Monday 22 April 2019

IRAQ: Sulaymaniyah Is The Tourism City And Paris Of Iraq

Sulaimaniya is a city in Iraqi Kurdistan.

One of the major cities in both so called Kurdistan region and Iraq, situated 385 Km north Baghdad and 198 Km north east Erbil the capital of Iraqi Kurdistan Region.

The city sits between two chains of mountains, Goyzha and Glazarda longitude (44.50- 46.16) East and latitude (35.04 - 36.30) North. The city was founded by Ibrahim Pasha in the year 1784.

Claudius James Rich the famous (March 28, 1787 - October 5, 1821) the British traveler and antiquarian scholar said in his book that Sulaimaniya from the beginning of its establishment had large markets, clean public baths of Turkish design.

Today Sulaimani has developed in most modern life aspects, hotels, motels, supermarkets & Malls, theatres, restaurants & Parks.

Sulaymaniyah, also called Slemani, is a city in Iraqi Kurdistan. It is surrounded by the Azmer Range, Goyija Range and the Qaiwan Range in the northeast, Baranan Mountain in the south and the Tasluja Hills in the west.

The city has a semi-arid climate with very hot dry summers and cool wet winters. Sulaymaniyah served as the capital of the historic principality of Baban from 1784 to 1850.

The modern city of Sulaymaniyah was founded on 14 November 1784 by the Kurdish prince Ibrahim Pasha Baban who named it after his father Sulaiman Pasha.

From its foundation Sulaymaniyah was always a center of great poets, writers, historians, politicians, scholars and singers, such as Nalî, Mahwi, and Piramerd.

The city is known as the capital of enlightenment among the Kurds, but the official nickname of the city on national level is: Sulaimaniyah is the Paris of Iraq or the bride of Iraq's cities.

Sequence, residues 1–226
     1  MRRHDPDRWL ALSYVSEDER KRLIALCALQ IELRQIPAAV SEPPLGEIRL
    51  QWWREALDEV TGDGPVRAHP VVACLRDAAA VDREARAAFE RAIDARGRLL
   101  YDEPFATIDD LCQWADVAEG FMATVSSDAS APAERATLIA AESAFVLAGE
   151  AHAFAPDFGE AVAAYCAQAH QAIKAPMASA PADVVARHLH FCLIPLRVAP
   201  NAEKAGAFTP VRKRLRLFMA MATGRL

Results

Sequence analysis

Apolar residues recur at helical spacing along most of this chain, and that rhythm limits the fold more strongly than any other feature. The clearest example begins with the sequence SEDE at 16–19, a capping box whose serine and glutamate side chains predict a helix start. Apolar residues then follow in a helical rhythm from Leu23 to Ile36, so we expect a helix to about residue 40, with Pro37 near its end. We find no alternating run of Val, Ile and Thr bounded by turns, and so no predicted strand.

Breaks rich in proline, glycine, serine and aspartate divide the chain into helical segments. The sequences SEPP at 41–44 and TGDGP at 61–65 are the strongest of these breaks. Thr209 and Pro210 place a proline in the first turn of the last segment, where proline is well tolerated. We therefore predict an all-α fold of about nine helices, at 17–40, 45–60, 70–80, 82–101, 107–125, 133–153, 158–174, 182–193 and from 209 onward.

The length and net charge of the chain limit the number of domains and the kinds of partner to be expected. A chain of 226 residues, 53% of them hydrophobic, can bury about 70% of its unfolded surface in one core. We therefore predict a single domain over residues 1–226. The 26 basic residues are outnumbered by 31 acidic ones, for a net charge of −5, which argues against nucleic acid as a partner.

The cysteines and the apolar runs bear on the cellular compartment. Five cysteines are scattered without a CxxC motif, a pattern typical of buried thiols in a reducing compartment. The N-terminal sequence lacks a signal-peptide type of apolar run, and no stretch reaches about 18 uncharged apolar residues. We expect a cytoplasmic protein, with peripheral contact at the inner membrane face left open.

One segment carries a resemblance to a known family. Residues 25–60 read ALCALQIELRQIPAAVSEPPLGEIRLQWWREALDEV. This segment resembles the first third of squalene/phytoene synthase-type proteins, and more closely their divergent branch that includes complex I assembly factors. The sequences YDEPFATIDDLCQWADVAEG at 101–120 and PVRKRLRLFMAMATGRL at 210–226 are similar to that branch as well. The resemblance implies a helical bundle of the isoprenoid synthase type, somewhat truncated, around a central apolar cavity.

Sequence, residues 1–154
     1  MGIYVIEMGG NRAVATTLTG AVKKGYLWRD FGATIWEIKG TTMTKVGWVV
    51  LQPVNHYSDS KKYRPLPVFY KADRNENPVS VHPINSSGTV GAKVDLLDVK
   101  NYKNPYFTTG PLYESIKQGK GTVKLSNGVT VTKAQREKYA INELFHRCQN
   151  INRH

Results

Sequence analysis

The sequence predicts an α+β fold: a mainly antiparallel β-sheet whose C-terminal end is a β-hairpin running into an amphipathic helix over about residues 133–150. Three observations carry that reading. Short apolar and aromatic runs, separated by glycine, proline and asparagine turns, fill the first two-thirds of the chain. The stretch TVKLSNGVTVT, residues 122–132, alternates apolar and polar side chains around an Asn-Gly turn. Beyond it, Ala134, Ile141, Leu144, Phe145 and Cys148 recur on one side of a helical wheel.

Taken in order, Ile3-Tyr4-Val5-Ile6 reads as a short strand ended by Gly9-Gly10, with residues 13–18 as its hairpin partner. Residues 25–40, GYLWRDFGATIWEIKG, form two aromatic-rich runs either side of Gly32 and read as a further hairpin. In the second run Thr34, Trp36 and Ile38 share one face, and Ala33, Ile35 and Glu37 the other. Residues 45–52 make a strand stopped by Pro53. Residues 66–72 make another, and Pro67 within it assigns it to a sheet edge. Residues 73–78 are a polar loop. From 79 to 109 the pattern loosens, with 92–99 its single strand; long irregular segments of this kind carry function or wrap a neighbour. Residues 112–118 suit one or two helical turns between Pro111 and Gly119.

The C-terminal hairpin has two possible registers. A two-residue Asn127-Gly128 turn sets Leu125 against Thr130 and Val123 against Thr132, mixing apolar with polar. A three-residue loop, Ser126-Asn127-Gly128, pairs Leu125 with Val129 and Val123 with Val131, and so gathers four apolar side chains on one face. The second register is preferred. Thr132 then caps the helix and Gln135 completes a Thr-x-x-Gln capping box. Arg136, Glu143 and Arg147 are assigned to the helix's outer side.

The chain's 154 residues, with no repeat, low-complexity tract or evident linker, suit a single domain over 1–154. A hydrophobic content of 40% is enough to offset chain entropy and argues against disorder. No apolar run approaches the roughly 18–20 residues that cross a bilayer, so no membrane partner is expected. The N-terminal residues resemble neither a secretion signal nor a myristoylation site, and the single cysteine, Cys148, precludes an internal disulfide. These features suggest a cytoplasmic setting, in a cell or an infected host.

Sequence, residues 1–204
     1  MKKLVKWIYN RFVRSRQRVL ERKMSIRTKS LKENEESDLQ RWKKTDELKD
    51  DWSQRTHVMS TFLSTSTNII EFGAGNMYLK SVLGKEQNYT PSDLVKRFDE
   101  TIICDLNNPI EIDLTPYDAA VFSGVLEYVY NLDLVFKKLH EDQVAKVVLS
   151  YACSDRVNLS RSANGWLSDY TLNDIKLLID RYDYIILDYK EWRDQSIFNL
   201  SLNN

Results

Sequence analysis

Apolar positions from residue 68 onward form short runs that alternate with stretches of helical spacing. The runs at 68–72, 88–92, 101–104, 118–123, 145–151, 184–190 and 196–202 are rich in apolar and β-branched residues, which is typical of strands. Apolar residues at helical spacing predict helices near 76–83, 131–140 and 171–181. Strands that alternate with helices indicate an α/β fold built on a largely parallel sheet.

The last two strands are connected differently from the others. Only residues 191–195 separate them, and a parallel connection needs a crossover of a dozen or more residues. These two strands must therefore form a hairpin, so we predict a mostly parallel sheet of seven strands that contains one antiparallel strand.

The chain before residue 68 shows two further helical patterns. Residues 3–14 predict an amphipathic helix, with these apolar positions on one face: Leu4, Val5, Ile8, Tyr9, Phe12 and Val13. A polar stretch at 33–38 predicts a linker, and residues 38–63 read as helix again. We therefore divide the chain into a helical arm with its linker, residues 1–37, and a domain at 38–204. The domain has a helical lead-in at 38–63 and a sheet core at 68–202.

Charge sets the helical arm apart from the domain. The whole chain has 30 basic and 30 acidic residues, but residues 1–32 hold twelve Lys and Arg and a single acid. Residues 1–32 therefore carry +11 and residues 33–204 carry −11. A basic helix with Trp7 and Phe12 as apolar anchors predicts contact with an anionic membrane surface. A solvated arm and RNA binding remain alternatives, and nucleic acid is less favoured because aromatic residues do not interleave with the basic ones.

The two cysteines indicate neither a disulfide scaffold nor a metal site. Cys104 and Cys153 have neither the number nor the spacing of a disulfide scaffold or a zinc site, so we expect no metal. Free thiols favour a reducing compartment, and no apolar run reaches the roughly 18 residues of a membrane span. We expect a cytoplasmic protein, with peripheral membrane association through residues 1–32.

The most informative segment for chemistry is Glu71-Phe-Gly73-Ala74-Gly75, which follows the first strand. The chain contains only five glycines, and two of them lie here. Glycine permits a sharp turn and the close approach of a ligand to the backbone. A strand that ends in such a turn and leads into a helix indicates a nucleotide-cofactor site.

Sulaymaniyah is considered the center of the Sorani Kurdish culture in Kurdistan. It is recognized officially as the cultural capital of South Kurdistan.

Development of Sorani as a modern literary language started in this city in the early 19th century, when many Kurdish poets such as Nalî, Piramerd, Muhamed Amin Zaki, Abdulla Goran, Muhamad Salih Dilan, Ahmad Hardi, Ibrahim Ahmad, Nuri Sheikh Salih Sheikh Ghani Barzinji, Sherko Bekas, and Bachtyar Ali published their works.

The city is known for its open, relatively liberal and tolerant society when compared to other cities of Kurdistan. The city has a Chinatown as a result of attracting foreign investment. Around 500 Chinese people reside in the city.

In 2006 the Movement for Change started in Sulaymaniyah and challenged what it called the corrupt and nepotistic Kurdish Government. The movement gained massive support from the city.

The two independent newspapers Hawlati and Awena and the two independent political magazines Lvin and Shock, are published and distributed in Sulaymaniyah city.

Sulaymaniyah is the only city in South Kurdistan that regularly celebrates world music day or FEte de la Musique.

Culture is hugely important to the Kurdish people, especially in Sulaymaniyah, but there is a strong pull to the west, modernisation and consumerism driven perhaps by the satellite televisions they have had access to since they started running their own affairs.

And at the university, students mill around the campus, chattering with each other and doing some last minute cramming for their exams. The war only stopped lectures for a few weeks. There are probably more women than men and they are happy to air their views to anyone who asks.

Since 2003 Iraq has seen a huge economic boom. Sulaymaniyah's economy today relies on tourism, agriculture and a number of small factories, most of which are involved in the building trade.

In 2004 the Comprehensive Food Security and Vulnerability Analysis in Iraq released an in-depth survey of the Sulaymaniyah Governorate in which they surveyed each city. In this survey one can see the economic boom of 2003 mentioned earlier.

The city was visited by more than 60,000 tourists in 2009. Sulaymaniyah attracted more than 15,000 Iranian tourists in the first quarter of 2010, many drawn by the fact it is not subject to strict laws faced at home.

Newroz 2010 drew an exodus of Iranian tourists choosing to celebrate the event in the region.